Adventures in Feministory: Mad Woman Mary Wells

This post originally ran in October of 2009, but seeing how Mary Wells got a shout out on Mad Men last night, we thought it was worth revisiting.

black and white photo of Mary Wells at her deskRecently, some friends and I saw the film Art & Copy, a documentary about the creative minds that make up the best of the advertising business. Now, there is a lot to be said about the problems inherent in advertising, but even the most skeptical viewer in our group (me), had to admit that she was impressed by the poise, tenacity, and apparent coolness of some of the film’s subjects, especially Mary Wells.

(Oh, and before we continue, remember there is another really awesome Mary Wells, the Queen of Motown. This is not that Mary Wells. Take note: Naming your daughter [or yourself] Mary Wells could prove to be a really good idea!)

Mary Wells was born in Youngstown, Ohio in 1928. As a young woman, she moved to New York City and worked in the advertising department at Macy’s and from there she was hired to write copy for the ad agency McCann-Erickson (isn’t she totally like a real-life Peggy Olson?). After spending a few years writing awesome ad copy (oh, and getting married and divorced and remarried and having children) she took a position at Doyle Dane Bernbach, which, according to Art & Copy, was pretty hot stuff indeed.

Moving forward in her career, Wells left DDB to join yet another cutting-edge ad agency, Jack Tinker & Partners, where she launched the campaign that made her famous:

With her “The End of the Plain Plane” campaign for Braniff, Wells showed her creativity and knack for knowing what people wanted in a product. Its success allowed her to start her own firm, Wells Rich Greene, and by 1969 she was the highest-paid executive in the advertising world (look out, Roger Sterling!). She was also the first female CEO of a company traded on the New York Stock Exchange (click here for a more detailed timeline of her business dealings. They were many.).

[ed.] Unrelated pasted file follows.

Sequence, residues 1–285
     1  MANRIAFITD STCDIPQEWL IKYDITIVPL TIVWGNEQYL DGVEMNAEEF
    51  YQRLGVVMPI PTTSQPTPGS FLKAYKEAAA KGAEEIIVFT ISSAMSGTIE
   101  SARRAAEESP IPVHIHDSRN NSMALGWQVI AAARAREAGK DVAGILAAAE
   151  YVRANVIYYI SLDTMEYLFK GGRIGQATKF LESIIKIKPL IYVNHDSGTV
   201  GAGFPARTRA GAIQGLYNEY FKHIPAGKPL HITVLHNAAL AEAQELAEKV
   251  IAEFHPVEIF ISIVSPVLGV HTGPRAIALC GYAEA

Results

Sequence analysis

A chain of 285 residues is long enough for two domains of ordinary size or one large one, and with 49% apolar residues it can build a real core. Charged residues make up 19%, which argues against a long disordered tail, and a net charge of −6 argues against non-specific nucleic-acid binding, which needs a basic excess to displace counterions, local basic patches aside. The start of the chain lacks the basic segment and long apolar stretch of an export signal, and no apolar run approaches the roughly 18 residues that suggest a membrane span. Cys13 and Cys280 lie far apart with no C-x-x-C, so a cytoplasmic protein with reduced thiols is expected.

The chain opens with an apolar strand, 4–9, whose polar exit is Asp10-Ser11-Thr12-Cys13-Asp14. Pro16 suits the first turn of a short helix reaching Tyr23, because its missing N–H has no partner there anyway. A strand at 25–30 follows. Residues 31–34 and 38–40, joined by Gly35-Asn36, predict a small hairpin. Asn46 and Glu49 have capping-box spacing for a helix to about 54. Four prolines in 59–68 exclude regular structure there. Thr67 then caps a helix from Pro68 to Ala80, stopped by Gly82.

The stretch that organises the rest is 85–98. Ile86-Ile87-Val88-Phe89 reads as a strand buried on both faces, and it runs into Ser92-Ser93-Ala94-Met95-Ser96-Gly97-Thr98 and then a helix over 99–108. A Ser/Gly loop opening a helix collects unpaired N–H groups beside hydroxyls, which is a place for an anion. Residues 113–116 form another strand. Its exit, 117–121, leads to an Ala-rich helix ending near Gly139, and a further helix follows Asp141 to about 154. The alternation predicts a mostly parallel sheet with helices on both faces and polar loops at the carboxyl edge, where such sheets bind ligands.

Wells’ creative mind is responsible for many ad campaigns we still recognize today, among them are “I can’t believe I ate the whole thing,” “I ♥ New York,” and “Friends don’t let friends drive drunk.” She cracked through the glass ceiling in the world of advertising during an era when women were rarely encouraged to leave the secretary pool, and she proved herself more than worthy of the money and accolades she received as a result. She is still proving herself worthy, with her contributions to wowOwow (a women’s culture web site) and her book A Big Life in Advertising (which a friend told me is excellent).

In addition, Wells’s energy level and overall classiness as it is portrayed in Art & Copy made me feel like a schlubby layabout if there ever was one. She is 81 years old and her work ethic (not to mention fashion sense) puts this 27-year old to shame. Check her out in the trailer for Art & Copy, and see the movie too!

So let’s raise a glass (hey, this is advertising after all) to Mary Wells. Her ingenuity, tenacity, savvy, and awesomeness has inspired many women over the decades, and I’m sure it will continue to do so.

by Kelsey Wallace
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Kelsey Wallace is an editor in Portland, Oregon. Follow her on Twitter if you like TV and pictures of dogs.

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